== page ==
Carl Bialik has written about lottery coincidences in his WSJ print column and on The Numbers Guy blog, inspired of course by the recent consecutive draws in the Bulgarian lottery. Addressing my recent confusion, he sheds a little light on why likelihood estimates varied so much:
The probability of Bulgaria's repeated winning numbers became a subject of some disagreement. A Bulgarian mathematician estimated the probability at 1 in 4.2 million, a figure that was widely reported. Clio Cresswell, a mathematician at the University of Sydney in Australia, came up with 1 in 14 million. Many others arrived at 1 in 5.2 million.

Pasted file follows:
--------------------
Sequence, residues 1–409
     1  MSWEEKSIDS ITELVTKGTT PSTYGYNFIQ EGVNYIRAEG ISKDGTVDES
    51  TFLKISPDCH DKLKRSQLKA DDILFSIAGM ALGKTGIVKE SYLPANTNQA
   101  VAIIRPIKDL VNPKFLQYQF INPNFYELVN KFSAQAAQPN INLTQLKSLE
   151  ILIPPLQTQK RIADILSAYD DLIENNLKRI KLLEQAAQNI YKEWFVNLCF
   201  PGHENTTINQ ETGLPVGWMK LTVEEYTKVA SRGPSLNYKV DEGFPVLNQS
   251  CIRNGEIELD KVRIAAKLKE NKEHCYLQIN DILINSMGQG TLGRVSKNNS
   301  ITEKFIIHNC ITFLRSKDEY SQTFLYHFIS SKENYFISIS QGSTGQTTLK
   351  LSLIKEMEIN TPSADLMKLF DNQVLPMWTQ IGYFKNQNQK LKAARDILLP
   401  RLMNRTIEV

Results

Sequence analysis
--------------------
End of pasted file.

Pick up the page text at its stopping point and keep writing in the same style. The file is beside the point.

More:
One explanation for the wide range is that Bulgaria has multiple lotteries. Dr. Cresswell's calculations relied on a different Bulgarian lottery with numbers ranging from 1 to 49. Mr. Smith and others made their calculations assuming the possible numbers went up to 42, the correct range for this particular lottery. As for the 1-in-4.2 million estimate, the Bulgarian mathematician didn't respond to requests for comment.
The blog post in particular is full of really interesting links - I especially enjoyed Professor Leonard Stefanski's account (pdf) of trying to reconcile accurate statistics with the media's desire for sensationalism.